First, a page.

G-code is a dark art amongst the 3D printing community. You can work for years without touching it, yet it can be used to solve very specific problems when needed. After comparing a variety of “magic” slicer profiles, I realized a lot of the magic in the g-code. In many cases, a bit of embedded g-code sets printer values that provide most of the benefit with little or no explanation.
The high-tech Prusa i3 Mk3 is controlled using g-code, a decadesold rudimentary control language used to instruct the printer to move, extrude or otherwise create a printed part. The printer has no real intelligence or decision-making capabilities. Everything the printer does is based on g-codecommands.
These notes are based on my experiences with the Prusa i3 Mk3 printer. If you are using a different printer, please verify the hardware details are same. These pages may be a bit rough as I revise them and add new material. Please check back regularly for updates.
Until recently, tuning accleration, jerk and other hardware settings required tweaking and inserting gcode commands by hand. More recent versions of slicers – notably PrusaSlicer and Ultimaker Cura – have begun exposing these settings in the printer, print and filament profiles, making them much more accessible and easy to adjust between prints. While moving these commands to the slicer GUI is a big improvement, there are still several refinements to print start and stop sequences that are useful to do at print start and finish and various points in between. Custom g-code is the right place to insert these functions.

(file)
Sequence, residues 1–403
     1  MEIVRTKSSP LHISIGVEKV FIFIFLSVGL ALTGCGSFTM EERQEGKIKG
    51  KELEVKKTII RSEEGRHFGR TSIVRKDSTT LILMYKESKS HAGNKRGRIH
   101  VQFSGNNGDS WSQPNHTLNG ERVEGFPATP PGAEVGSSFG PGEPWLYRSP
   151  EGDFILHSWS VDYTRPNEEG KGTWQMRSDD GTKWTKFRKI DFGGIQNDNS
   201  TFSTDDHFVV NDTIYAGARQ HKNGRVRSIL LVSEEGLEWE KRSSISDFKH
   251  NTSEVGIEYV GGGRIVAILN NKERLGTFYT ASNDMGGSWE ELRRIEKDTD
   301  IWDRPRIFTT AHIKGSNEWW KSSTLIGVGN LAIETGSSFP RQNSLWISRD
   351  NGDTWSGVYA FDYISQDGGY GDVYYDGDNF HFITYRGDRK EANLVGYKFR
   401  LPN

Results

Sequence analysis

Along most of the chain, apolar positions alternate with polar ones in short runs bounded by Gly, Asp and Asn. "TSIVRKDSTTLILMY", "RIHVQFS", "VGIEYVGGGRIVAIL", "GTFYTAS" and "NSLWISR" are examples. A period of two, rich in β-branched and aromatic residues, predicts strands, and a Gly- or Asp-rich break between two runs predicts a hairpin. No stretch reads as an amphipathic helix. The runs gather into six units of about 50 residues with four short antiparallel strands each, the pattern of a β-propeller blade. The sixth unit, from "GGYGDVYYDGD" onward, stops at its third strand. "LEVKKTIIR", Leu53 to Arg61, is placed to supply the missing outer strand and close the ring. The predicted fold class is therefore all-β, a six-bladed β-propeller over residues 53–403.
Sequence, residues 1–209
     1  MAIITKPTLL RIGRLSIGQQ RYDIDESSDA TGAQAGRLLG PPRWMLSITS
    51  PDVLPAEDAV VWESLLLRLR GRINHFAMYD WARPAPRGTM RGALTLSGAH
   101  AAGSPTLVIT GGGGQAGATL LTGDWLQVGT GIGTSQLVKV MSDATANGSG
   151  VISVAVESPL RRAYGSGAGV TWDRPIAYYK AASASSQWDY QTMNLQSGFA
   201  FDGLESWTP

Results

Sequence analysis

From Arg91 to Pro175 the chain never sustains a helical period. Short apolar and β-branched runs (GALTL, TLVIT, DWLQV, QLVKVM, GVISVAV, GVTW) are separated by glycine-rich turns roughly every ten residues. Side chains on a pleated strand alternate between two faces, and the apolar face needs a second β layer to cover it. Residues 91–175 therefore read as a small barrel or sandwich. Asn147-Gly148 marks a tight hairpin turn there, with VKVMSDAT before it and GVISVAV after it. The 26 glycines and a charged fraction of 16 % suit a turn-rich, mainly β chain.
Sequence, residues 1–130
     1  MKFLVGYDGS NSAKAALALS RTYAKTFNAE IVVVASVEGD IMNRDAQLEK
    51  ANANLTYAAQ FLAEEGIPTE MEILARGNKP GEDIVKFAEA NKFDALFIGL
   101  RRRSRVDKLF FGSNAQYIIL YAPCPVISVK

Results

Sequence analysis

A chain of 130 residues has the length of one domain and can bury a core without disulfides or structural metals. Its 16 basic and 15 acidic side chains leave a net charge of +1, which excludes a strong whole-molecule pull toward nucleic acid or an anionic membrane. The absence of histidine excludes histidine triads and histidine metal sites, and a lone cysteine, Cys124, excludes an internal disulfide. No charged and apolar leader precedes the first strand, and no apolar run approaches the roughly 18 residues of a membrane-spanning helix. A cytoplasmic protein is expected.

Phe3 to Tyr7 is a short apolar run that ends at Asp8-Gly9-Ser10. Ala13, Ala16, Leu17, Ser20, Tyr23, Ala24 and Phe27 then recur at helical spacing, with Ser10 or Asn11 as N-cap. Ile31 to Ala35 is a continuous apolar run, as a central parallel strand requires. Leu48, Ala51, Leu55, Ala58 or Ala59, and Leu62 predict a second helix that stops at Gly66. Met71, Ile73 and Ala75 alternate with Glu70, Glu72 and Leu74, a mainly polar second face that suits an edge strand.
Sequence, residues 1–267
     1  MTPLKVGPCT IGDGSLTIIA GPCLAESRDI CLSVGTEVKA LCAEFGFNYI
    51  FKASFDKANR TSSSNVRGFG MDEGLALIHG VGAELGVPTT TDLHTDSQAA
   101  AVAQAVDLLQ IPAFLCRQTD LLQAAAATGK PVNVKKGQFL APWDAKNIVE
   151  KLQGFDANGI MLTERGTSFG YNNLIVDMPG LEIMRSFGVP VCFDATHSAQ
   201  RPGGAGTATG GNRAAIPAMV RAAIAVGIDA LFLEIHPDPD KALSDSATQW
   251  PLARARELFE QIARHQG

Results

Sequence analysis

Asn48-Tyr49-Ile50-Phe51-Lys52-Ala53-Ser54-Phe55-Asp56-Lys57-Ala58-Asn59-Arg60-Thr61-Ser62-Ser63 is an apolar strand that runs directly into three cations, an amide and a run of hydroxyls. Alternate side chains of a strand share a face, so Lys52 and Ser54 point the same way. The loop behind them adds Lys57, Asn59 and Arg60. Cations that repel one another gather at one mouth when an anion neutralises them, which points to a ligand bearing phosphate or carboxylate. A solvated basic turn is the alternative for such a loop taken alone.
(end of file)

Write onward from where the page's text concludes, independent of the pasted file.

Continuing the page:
- At the start of a print, startup gcode can insert printer initialization commands, warmup routines and nozzle priming.
- At the end of a print, end g-code is responsible for turning off heaters, motors and fans. It can also be modified to move the extruder and bed after a print, make noises or otherwise tidy things up.
- Between layer changes, gcode is useful for adjusting hardware settings like nozzle temperatures and other settings based on the current layer number or height.
Please be sure that you’ve calibrated your printer, and particularly your Live-Z settings before using any of the following examples. These routines move the nozzle around close to the bed and can cause damage if your printer is not adjusted properly.
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Last updated on 20190729